Hello, friends! How’s the writing going?
Every so often on Twitter I offer some Query Trends, which are multiple instances of oddly specific things I see in my queries. Lately I’ve been thinking of trends on a larger scale. Not just genre trends, which come and go and come back again seemingly at random, but rather writing trends that I officially see as cliche.
So, what am I seeing that I’d love to see go away (or, at the very least, become severely lessened)?
Teenage girls who are super into photography.
Putting aside that the majority of “photography” is being done on iPhones with Snapchat and Instagram filters, let’s talk about this very impractical and expensive hobby that every teenage girl (and some boys!), regardless of background or economic status, seem to have. And not just a vague interest in photography – a full-on I will buy this sophisticated camera with various lenses and walk around with them all the time obsession. I see this in YA most often, but I also see it in Adult fiction with teen characters and, more recently, in the TV show Casual and the movie, Boyhood.
I’ll repeat how expensive of a hobby this is. It’s really expensive. These characters aren’t settling for point-and-shoot digital cameras. They have some serious equipment and in a lot of cases, these are characters specified as decidedly not rich. How are they paying for all of this?
Expenses aside, this hobby often feels forced. Has the “wannabe writer” cliche played out so photography was next “artsy” career path in line? It feels only mildly realistic and for as many teens legitimately interested in technique, I would guess that far more take selfies with friends at parties and call it a day.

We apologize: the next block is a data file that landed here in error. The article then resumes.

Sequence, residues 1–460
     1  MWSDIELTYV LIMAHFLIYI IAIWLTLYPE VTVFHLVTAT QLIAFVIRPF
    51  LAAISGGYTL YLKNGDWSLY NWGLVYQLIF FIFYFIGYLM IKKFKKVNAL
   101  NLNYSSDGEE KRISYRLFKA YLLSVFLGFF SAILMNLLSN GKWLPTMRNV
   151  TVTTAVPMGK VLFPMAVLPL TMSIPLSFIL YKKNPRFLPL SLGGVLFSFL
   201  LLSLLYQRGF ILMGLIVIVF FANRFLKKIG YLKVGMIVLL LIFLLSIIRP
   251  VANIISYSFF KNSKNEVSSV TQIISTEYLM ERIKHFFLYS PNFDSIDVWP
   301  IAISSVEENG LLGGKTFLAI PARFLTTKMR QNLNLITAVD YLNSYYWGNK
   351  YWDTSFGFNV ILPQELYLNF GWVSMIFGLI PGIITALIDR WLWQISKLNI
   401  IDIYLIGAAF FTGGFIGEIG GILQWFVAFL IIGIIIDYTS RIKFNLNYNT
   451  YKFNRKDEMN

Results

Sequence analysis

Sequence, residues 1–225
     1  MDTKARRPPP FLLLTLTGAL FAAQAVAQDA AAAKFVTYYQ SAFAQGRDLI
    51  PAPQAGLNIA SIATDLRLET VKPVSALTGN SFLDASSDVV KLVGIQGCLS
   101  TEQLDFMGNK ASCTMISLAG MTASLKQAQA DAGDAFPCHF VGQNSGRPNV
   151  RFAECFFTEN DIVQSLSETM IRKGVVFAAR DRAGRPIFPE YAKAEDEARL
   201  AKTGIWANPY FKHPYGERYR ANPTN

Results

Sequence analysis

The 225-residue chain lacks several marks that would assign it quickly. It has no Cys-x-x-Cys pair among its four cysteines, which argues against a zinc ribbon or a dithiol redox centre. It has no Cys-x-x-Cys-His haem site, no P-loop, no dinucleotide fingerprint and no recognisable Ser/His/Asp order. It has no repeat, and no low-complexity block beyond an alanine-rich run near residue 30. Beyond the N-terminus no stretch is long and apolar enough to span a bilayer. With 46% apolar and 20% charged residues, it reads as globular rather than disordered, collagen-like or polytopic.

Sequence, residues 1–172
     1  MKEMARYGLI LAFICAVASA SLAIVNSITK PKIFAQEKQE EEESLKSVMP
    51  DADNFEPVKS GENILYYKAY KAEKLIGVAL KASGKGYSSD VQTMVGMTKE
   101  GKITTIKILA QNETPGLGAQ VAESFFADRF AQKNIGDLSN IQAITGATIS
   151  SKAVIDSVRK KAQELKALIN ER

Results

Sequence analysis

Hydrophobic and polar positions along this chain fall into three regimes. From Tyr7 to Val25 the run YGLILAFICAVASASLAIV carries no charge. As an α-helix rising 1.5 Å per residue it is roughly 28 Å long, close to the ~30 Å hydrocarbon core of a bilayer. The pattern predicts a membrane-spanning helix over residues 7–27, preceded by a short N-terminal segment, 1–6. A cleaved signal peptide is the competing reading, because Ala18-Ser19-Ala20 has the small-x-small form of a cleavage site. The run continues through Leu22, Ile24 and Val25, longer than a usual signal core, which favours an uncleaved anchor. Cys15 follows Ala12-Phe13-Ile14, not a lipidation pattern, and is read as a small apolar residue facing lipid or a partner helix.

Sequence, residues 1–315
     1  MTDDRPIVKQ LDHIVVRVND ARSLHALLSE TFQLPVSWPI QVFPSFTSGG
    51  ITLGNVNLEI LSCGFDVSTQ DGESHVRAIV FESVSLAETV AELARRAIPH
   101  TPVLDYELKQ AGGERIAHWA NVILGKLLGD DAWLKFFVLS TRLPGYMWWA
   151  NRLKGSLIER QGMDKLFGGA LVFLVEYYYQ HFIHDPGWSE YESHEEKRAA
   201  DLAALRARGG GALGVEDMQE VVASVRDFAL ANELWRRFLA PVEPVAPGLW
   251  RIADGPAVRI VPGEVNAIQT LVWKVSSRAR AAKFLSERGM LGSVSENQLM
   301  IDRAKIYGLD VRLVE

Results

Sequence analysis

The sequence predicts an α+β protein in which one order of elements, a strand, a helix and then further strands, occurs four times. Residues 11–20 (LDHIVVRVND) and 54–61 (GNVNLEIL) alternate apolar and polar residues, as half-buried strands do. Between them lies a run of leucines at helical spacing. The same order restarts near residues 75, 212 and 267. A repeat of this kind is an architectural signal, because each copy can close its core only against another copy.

We get it; your main character sees the world through a unique lens. But unless they’re Veronica Mars, and photography also comes in handy in their secret side job, consider that you’re possibly using a cliche for no real reason.
Powerful women as a technicality (or gimmick).
Regardless of what happens in November, I hope Hillary Clinton’s candidacy will help make a trope I hate finally go away, and that is the Female Character Falling Ass Backwards Into Power. My literal examples are all TV-related:
- Veep, Male president resigns, female VP rises
- Commander In Chief, Male president dies, female VP rises
- Battlestar Gallactica, Everyone in the line of succession dies, female Sec. of Education becomes president (and is amazing, of course, but still)
Seriously, did no one think a woman could just, ya know, get elected? All by herself. Can’t we have even a fictional world where the people chose a woman voluntarily and not because a male option was dead? (But I digress…)
In not-so-literal examples, some trends I’ve noticed in submissions are:
- Female athlete who learned everything from her dad, who may or may not be the coach of her team too.
- Battle of the Sexes science fairs or class president elections.
- Propelled into the plot because of a missing father.
- Propelled into the plot because her father is the doctor/detective/scientist directly involved in the story.